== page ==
11. I don't have the cite for the miller article on me. I know i've read it though. He has some specific case of a debater emailing an author and then forwarding that it on to edebate. I'll look for it. My belief is that some Fullerton teams also ran an argument that involved them contacting all their authors some years back, probably around the college energy topic. I'm not sure about this. I think there is an emerging consensus arising about the ethics of these issues. 1. The email conversation should be posted in a centralized place in its entirety. Posting should be named. This solves the "everyone emails the author" args since the research is all easily accessible, the community shares validation/original research responsibilities. 2. The debater should have to ask permission before posting. 3. People should post exchanges they have with authors even if they don't produce useful cards. 4. Fabrication of exchanges should be an exclusion from the activity level offense, just as fabrication of evidence is now (with the same kinds of exceptions of course). Really, I don't check every card everyone in debate reads. Even as a school finding every card on the case list is outside our capabilities, yet we have trust in the combination of three things 1. That some other person in the community will look up any particular card. 2. That every card read has a publicly assessable citation, making validation trivial. 3. That a combination of social norms and high penalties would make falsification of evidence unthinkable for the vast majority of college teams/debaters. It is only the second that is limited somewhat by email generated evidence. Disclaimer: I have never read email generated evidence in debate (except for emails by the author to edebate). I still think its a good idea.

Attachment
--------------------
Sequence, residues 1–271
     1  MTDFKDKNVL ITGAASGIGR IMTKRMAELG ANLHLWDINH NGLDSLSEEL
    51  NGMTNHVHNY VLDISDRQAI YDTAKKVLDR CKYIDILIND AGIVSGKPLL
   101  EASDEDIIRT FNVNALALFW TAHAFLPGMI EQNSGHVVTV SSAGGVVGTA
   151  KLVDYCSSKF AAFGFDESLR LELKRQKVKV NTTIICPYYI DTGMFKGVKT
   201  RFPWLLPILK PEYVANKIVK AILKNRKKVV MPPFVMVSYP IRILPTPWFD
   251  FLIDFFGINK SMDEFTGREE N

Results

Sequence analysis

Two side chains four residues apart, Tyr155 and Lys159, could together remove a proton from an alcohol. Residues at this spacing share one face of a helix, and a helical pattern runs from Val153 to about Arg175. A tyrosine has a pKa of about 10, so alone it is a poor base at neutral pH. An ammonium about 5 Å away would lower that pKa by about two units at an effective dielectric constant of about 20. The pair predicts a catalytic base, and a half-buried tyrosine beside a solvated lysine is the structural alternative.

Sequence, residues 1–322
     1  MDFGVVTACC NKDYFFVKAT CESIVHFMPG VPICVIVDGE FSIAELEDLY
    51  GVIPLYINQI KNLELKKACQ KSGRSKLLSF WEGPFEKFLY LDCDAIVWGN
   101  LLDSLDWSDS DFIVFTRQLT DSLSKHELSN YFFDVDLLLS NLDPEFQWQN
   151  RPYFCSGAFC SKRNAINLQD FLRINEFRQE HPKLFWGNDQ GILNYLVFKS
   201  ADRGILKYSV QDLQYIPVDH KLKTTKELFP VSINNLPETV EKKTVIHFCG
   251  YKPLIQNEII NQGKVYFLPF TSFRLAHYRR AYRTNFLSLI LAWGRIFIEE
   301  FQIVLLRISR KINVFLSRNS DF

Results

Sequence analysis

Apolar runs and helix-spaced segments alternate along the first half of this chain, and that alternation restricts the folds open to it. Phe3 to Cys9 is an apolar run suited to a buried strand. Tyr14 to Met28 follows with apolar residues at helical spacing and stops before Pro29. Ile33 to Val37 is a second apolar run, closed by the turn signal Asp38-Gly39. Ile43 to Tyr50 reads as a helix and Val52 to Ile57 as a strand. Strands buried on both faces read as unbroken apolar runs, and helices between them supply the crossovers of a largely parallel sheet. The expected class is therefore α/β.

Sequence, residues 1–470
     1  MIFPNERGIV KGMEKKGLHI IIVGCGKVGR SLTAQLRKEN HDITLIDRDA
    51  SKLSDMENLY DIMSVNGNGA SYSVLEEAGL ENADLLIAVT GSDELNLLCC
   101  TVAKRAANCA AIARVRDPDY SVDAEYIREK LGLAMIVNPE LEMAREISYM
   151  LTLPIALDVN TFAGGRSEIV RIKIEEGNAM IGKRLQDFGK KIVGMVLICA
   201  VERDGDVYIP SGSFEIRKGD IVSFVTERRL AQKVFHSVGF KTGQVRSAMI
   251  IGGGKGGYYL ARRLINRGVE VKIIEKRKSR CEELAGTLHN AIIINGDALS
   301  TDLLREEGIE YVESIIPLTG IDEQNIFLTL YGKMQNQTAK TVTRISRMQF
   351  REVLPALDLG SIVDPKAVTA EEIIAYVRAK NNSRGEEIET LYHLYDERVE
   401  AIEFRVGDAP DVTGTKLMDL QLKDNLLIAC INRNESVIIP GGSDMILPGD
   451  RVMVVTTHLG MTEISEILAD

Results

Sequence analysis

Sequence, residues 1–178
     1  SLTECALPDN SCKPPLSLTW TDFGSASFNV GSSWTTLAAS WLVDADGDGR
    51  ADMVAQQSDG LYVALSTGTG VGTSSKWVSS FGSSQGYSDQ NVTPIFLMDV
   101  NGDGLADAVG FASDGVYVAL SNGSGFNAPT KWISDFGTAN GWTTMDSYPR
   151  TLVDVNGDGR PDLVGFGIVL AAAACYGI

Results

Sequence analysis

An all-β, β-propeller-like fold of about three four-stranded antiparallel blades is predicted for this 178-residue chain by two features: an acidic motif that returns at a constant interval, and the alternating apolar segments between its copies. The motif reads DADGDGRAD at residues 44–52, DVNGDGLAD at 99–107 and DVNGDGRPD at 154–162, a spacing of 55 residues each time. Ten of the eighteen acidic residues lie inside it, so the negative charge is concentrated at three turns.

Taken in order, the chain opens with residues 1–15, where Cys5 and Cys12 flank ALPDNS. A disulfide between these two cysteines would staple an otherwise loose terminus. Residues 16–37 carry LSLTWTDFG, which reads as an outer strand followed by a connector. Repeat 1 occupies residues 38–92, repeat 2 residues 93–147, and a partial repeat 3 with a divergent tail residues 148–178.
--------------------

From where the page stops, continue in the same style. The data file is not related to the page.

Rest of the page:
12. I think the best cards and explanation are probably actually in Spivak's introduction to Of Grammatology. Its a better argument than most.
  13. This thread is funny considering the popularity of the Mitchell evidence where he says that emailing people and reading those email exchanges is better than other forms of research so long as you distribute the text--that's what happened. The reason is that we actively produce research rather than just find it--it allows for new engagement, new arguments, and greater agency. The unequal distribution to access to evidence is a very real problem in debate. Big libraries, computers with scanners and OCR, and database accounts are only available to a privileged subset of the population. The only good argument is the ability to cheat--to say you've had an email exchange that didn't happen, or to not disclose an email exchange that isn't strategic to you. These are serious considerations, but can be dealt with by demanding integrity. Trolling these conversations really isn't necessary.
  14. Tools aren't necessarily technological. A chair can be part of US--aka an authentic relation to Being. Reading QCT without contextualizing it to division one of Being and Time will give you a really f-up view of H-digger IMO.